I’d had the idea of adding more beach-tough plants to the planters on Bolstad, only to find out that even more plants had been stolen.  Since some folks may be getting tired of my ranting about finger blight, I am toying with starting a new compartmentalized section in the daily blog so that those that just want happy gardening can skip ahead.  I do know of at least one reader who enjoys a good rant.


The Crabby Gardener

The Crabby Gardener by Don Nisbett

The Crabby Gardener by Don Nisbett

Today on the beach approach my plans to enhance and improve the planters were thwarted by further plant theft.  The following photos show the blatant holes left by the thief followed by the matching plant left on the other side of the planter.  The plants I had brought for enhancement and a richer, fuller picture ended up being used to fill in the holes instead.

Planter one:

What's missing?

What’s missing?

this sea thrift's brother!

this sea thrift’s brother!

Planter two:

What's gone?

What’s gone?

This santolina's mate!

This santolina’s mate!

I had to pop a golden ‘Lemon Fizz’ santolina into the hole, as I had no more green ones.  The golden ones revert to green and I have never before been glad of that.  I like things to match in the planters.

Planter three:

What's gone here?

What’s gone here?

the buddies of these sea thrifts!

the buddies of these sea thrifts!

What was once here?

And what was once here?

The newly planted mate to a stolen silver santonlina has been stolen again. All I had for replacement was a gold one, a combo that makes me kind of queasy.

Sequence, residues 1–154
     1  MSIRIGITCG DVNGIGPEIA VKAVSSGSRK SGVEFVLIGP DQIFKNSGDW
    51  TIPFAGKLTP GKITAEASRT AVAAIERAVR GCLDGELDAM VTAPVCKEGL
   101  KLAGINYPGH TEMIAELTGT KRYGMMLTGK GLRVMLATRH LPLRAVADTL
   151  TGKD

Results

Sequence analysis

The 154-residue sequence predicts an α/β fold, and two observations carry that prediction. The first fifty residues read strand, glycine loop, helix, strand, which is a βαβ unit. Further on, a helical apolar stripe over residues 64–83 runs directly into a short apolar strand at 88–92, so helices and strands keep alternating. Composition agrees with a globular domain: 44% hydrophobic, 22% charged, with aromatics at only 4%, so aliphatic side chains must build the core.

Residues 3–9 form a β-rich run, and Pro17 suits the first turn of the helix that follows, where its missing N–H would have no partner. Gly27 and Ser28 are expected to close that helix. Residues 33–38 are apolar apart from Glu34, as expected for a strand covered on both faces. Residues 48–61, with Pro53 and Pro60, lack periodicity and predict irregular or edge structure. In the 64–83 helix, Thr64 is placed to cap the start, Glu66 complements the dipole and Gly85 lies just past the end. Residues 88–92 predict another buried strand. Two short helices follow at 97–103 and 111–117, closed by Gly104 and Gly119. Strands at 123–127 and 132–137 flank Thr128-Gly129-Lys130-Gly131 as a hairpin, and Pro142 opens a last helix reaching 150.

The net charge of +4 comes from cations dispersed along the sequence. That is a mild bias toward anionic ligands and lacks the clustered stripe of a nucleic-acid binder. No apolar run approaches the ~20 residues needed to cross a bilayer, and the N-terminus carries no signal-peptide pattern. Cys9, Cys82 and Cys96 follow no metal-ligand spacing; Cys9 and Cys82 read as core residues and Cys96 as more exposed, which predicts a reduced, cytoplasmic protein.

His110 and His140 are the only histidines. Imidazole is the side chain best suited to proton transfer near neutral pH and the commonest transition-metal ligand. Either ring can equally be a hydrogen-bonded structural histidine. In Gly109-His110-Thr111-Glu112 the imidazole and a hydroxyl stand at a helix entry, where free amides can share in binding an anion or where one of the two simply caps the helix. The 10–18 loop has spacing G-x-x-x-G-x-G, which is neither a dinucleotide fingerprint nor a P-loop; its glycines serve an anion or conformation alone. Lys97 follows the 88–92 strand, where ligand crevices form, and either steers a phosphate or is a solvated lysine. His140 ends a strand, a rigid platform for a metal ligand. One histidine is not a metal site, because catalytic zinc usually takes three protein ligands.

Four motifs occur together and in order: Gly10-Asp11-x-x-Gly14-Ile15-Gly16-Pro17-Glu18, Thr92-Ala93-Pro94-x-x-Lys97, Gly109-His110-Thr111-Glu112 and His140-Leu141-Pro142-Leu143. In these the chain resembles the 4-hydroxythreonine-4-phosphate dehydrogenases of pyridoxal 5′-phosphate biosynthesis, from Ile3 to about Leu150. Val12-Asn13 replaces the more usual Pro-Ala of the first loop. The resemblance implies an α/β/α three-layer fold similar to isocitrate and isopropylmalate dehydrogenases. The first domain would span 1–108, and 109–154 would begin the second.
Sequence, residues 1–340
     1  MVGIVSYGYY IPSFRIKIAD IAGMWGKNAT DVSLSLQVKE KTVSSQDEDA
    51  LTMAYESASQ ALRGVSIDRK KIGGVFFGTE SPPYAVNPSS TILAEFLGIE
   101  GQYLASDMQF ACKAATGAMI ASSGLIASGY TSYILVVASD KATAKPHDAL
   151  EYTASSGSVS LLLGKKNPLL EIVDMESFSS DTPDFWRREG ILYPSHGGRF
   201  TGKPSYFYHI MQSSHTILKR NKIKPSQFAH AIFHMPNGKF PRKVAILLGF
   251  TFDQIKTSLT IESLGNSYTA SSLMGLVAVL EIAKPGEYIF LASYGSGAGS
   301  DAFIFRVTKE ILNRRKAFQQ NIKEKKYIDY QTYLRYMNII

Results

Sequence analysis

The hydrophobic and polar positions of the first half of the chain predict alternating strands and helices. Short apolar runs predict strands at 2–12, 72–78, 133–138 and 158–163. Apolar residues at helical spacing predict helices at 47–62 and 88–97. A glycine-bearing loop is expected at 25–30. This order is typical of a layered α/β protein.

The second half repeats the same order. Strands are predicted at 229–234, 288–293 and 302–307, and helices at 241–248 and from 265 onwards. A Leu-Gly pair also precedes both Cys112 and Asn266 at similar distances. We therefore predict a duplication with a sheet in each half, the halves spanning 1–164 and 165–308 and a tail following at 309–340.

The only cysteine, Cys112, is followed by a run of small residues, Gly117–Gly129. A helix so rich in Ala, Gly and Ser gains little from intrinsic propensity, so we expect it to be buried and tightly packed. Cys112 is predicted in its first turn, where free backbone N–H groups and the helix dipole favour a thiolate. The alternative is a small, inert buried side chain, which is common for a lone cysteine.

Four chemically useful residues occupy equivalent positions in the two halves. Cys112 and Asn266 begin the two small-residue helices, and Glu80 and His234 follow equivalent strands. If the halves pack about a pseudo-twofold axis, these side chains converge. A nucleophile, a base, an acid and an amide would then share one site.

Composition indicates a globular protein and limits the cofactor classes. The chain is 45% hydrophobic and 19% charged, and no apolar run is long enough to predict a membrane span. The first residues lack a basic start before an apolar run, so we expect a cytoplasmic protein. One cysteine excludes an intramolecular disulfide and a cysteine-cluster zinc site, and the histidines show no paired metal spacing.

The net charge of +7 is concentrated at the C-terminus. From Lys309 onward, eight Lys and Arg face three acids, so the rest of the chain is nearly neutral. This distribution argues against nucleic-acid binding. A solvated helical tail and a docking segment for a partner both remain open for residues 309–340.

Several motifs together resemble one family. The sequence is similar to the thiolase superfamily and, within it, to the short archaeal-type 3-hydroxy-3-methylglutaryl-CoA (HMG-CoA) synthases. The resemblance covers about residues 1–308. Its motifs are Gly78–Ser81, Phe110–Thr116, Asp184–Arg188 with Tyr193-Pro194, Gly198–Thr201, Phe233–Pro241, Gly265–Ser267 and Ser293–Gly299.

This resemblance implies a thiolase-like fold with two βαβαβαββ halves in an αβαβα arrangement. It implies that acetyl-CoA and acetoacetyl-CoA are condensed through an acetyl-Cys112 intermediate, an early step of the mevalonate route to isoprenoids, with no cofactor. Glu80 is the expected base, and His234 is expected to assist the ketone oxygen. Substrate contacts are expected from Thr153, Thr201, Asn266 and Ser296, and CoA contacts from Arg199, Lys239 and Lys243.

The newly planted mate to a stolen silver santolina has been stolen again. All I had for replacement was a gold one, a combo that makes me kind of queasy.

Now I am ALL OUT OF REPLACEMENT SANTOLINAS.

What is more, three of the plants stolen were from the Lisa Bonney memorial planter, with a plaque in memory of a beloved local woman who was killed by her estranged boyfriend just a few feet away from this very spot.  Has this thief no shame and no respect at all?

for deep shame, stealing from this planter.

for deep shame, stealing from this planter.

Further on down, a Knautia ‘Thunder and Lightning’ had also been swiped.  That at least has already reverted from variegated to green foliage so I can add a balancing plant from seedlings in my own garden.

illustration from another planter: Knautia 'Thunder and Lightning' foliage reverting to green

illustration from another planter: Knautia ‘Thunder and Lightning’ foliage reverting to green

I suspect the thief is one person furnishing a garden of his or her own, since the same sort of plants are targeting every dangblang time.

I talked to the office staff at city hall while Allan planted some sea hollies there.  What the heck to do, keep planting and planting for this person to steal the plants every single week?  The city hall staff said if we had a camera out there, the camera itself would be stolen.  Allan reminded me that I could just keep sticking in more and more Sedum ‘Autumn Joy’ divisions.  Too bad the thief so much likes the same plants that are my favourite seaside plants.

And then in town, I noticed:

Lollipop lilies on one side...

Lollipop lilies on one side…

only one on the other side where they all got broken off last week

only one Lollipop lily on the other side where they all got broken off last week

And one more bit of kvetching today:  A planter stuck with five or six flippy flappy rather large miniature American flags on sticks with the flags flapping away in the 20 mph wind breaking off the cosmos.  People just do not realize how much damage can be done by something like that.  Goodbye little cosmos.  I took the flags into the adjacent business (who may not have even been responsible) and left them on the counter.